A team of researchers has discovered that the primitive hydra is useful in research to combat Huntington's disease and Alzheimer's disease.
In the March 14 online version of Nature, University of California, Irvine biologists Robert Steele and Hans Bode and an international team of researchers write that the microscopic hydra has about the same number of genes as humans--and actually share many of the same ones.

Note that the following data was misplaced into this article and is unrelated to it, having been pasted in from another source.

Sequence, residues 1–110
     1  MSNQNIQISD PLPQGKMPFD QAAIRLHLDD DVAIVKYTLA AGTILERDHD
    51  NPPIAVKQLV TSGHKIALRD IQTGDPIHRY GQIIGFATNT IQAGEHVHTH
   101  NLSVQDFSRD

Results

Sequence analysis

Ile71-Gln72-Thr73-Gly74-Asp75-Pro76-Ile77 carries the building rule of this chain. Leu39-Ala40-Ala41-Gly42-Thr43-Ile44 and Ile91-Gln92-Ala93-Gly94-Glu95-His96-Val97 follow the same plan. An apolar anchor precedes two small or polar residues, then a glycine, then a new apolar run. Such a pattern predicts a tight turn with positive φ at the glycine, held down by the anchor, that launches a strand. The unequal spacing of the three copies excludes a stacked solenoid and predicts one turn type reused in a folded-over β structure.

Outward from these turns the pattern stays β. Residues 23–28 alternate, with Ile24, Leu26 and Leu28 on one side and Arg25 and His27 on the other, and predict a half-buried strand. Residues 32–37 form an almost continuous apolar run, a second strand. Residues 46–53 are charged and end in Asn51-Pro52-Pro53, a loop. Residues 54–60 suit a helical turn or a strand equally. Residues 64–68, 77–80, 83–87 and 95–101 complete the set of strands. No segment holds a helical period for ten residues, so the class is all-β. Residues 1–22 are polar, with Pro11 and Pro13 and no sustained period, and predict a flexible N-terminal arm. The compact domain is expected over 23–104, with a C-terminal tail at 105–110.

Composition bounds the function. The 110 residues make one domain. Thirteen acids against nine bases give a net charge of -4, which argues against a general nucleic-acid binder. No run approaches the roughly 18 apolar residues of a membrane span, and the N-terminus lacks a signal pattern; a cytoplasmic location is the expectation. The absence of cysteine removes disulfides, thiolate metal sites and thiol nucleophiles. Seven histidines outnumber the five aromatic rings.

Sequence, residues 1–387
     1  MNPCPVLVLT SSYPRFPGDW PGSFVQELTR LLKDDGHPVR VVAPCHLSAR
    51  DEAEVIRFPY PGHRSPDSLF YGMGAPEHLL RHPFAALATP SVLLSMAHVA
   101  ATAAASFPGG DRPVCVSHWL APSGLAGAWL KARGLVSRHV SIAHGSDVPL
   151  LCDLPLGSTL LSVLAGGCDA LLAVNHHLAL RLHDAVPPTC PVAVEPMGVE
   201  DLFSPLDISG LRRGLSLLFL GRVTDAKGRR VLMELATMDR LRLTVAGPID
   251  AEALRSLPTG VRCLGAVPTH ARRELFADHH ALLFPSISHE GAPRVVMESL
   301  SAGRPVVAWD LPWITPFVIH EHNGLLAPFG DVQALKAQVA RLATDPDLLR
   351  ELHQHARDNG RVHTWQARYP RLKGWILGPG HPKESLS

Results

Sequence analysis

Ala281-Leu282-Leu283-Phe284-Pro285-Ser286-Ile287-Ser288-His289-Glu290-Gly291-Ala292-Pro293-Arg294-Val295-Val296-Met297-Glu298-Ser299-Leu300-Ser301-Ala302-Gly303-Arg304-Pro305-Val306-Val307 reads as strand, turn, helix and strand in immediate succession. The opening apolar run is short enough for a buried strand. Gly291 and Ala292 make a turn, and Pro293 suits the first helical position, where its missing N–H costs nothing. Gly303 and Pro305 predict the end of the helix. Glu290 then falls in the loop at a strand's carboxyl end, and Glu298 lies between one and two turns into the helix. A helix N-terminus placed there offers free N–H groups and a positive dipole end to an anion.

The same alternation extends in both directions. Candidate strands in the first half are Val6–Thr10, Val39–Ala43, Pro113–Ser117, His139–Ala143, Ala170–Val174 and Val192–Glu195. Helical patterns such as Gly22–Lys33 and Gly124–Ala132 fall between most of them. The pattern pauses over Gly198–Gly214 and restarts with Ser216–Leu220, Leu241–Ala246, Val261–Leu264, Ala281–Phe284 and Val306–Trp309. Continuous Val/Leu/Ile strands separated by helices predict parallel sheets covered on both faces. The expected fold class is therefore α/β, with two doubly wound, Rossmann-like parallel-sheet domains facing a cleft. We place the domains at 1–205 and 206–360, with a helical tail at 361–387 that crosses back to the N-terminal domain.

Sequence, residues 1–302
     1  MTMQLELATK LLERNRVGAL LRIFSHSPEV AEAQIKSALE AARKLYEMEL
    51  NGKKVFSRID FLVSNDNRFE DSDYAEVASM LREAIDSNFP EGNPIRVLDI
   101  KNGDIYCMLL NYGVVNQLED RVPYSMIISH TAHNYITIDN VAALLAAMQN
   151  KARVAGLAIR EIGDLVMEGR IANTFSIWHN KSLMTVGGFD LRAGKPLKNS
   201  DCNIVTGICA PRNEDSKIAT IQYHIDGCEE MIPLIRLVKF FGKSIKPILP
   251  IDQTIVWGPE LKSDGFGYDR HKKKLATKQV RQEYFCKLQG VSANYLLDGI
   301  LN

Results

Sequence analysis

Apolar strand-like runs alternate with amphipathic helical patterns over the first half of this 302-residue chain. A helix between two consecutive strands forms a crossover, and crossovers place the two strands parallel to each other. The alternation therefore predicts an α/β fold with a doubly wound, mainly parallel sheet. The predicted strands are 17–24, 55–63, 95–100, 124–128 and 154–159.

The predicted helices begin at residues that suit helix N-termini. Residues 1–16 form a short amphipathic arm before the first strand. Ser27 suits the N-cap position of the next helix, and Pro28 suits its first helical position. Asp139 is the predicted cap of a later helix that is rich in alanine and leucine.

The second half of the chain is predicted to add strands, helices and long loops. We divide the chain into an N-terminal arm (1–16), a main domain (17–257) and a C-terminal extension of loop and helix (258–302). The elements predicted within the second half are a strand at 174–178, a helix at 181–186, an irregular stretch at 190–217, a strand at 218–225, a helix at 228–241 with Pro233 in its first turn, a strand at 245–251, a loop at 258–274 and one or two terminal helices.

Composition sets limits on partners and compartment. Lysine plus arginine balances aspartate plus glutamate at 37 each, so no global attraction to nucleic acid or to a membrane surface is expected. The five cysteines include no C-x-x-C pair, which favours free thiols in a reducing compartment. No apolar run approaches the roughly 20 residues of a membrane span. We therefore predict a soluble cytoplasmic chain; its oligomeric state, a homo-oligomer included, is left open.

They also found genes linked with Huntington's disease and with the beta-amyloid plaque formation seen in Alzheimer's disease, suggesting the possible use of hydra as a research model for these two diseases.
"Having the Hydra genome sequenced also enhances our ability to use it to learn more about the basic biology of stem cells, which are showing great promise for new treatments for a host of injuries and diseases," Steele says in a statement.
The freshwater hydra was first described about 300 years ago and has been the subject of study ever since.